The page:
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CYCLES in Urban Environments

CYCLES in Urban Environments Investigating Temporal Rhythms

Fabian Neuhaus

Dedicated to Malik



This book is based on the Masters Thesis

I would like to thank all these different people

I wrote for my MSc in Urban Design at the

who supported my work on this report and

Bartett School of Architecture at UCL. For this

throughout the year here in London.

work I was awarded a Distinction.

First of all I would like to thank my family, Malik

It is now transformed into summarizes



book and

and Sandra who took some part in the research


work and supported me always with whatever

urban phenomenon as well as a section were

they could.

initial findings are translated and used to

Special thanks go to my tutor Olaf Kneer, for

extend on a proposal of a floating city located

his support, all his superb inputs, critical

in the Thames Estuary in the UK.

questions, and in general for his good mood

The publication also incudes in the addendum

and positive nature, not only but particularly

a number of essays written in the context of

during the work on this report.

this investigations.

I would also like to thank my classmates Jeff Ho, Luis Suarez, Thiresh Govender and others,

fan, April 2010

for their inputs and critical remarks about the work during the development of this report but also throughout the whole year. Thanks go also to Anika Mittal and Juergen Haepp with whom I developed the AKA project that became the testing environment for the second part of this report. All the basic ideas in connection with AKA and some of cAKA are developed by the three of us together. Special thanks also go to my professor Colin Fournier certainly for his inputs, but also for his invitation to take part in this course and especially for his offer and encouragement to stay on the course and finish my Masters here at the Bartlett School of Architecture in London. This year of studies in London was only possible with the financial support of the Stiftung fur Architektur Geisendorf. fan, September 2006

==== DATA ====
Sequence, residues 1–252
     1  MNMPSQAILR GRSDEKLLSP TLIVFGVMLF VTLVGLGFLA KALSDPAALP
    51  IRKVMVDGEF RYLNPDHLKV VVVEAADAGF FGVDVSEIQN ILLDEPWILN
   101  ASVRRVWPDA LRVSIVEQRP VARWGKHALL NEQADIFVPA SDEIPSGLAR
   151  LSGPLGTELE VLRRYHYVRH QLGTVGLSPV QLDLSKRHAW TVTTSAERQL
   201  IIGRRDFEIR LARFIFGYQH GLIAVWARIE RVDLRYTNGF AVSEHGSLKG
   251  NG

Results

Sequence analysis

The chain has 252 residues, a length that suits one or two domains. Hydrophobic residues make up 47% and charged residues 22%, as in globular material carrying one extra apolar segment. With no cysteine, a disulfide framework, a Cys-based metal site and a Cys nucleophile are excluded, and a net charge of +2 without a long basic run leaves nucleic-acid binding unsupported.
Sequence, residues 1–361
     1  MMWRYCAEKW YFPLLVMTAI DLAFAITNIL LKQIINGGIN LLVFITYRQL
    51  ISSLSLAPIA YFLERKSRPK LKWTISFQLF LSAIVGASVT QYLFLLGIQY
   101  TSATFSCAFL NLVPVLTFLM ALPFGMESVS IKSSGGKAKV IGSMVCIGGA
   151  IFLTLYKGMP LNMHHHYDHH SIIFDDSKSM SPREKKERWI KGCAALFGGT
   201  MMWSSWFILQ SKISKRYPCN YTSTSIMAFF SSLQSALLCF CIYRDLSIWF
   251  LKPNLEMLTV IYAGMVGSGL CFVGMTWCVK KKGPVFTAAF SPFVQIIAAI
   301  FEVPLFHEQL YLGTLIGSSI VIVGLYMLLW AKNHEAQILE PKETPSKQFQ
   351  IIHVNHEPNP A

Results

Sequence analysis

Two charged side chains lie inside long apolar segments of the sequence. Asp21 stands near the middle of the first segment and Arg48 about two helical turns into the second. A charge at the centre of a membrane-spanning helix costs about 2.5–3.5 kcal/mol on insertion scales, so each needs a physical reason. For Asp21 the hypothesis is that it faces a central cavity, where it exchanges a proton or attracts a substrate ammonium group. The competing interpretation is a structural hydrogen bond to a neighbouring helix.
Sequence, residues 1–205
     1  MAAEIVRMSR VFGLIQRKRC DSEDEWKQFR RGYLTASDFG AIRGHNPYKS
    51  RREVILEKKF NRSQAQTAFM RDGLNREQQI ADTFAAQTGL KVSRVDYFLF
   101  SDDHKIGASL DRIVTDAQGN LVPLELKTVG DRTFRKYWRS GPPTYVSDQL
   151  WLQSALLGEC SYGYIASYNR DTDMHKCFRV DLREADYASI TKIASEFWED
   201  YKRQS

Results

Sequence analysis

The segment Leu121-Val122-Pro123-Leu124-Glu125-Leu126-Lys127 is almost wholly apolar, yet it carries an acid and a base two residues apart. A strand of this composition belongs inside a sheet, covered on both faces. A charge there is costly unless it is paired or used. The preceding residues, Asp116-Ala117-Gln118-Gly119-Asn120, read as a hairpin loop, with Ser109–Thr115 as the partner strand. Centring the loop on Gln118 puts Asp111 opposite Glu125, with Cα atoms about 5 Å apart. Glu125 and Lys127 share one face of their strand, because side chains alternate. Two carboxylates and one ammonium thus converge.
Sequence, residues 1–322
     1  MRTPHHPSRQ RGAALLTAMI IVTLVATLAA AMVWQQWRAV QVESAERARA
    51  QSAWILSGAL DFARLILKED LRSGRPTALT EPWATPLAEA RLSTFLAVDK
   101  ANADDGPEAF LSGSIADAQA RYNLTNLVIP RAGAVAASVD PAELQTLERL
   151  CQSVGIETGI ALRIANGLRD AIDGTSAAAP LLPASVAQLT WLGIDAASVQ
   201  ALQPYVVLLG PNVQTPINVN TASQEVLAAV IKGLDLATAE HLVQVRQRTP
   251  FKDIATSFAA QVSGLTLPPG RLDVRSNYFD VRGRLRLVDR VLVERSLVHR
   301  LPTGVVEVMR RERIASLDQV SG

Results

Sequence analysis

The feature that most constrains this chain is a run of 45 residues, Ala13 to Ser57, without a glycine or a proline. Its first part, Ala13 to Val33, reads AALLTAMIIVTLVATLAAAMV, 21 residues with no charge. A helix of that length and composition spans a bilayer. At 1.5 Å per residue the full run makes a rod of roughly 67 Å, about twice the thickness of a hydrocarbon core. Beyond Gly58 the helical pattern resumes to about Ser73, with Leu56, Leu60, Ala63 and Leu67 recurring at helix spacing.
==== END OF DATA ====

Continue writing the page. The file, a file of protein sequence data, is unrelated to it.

Abstract This book explores the appearance and

Juergen Haepp and myself earlier during the

impact of cycles in urban surroundings and,

Urban Design Course at the Bartlett School of

in a second stage, their potential for an urban

Architecture. The previous AKA project is taken


as a base to test the potential of cycles for a

Cycles appear in any part of life. Examples

new proposal named as cAKA.

can be found in time, economics, environment

The new proposal builds on the ideas of a

... and they can be seasons, days, technology,

floating city in the Thames Estuary as a new



development for the growth of London in the

happenings like rush hour or basic needs such

Thames Gateway. It is not the aim of the cAKA

as eating and sleeping.

proposal to answer all the remaining questions

Cycles appear through a wide range of scales

on the earlier project, but to densify certain

and often without referring to them.

aspects of cycles within the environment of a

They appear out of subsystems evolving over

proposal. The research work therefore acts as

time and generations. The peculiarity of cycles

a source of many new aspects to be looked at

is the fact that they are closed systems in

in this very special environment of an urban

terms of their repetition. Each cycle repeats

development on water.





itself along its script. This applies a particular rhythm to urban life. But as they are not


synchronized they interfere/overlap with/sit

Cycle, Cycles, Rhythm, System, Urban system,

on top of/disturb/... one another. This can be a

Arkway [AKA], Thames Estuary, Clockbank,

source of movement and action in urban life. A very abstract picture for this could be a clock

Word count

mechanism - of course, here all the different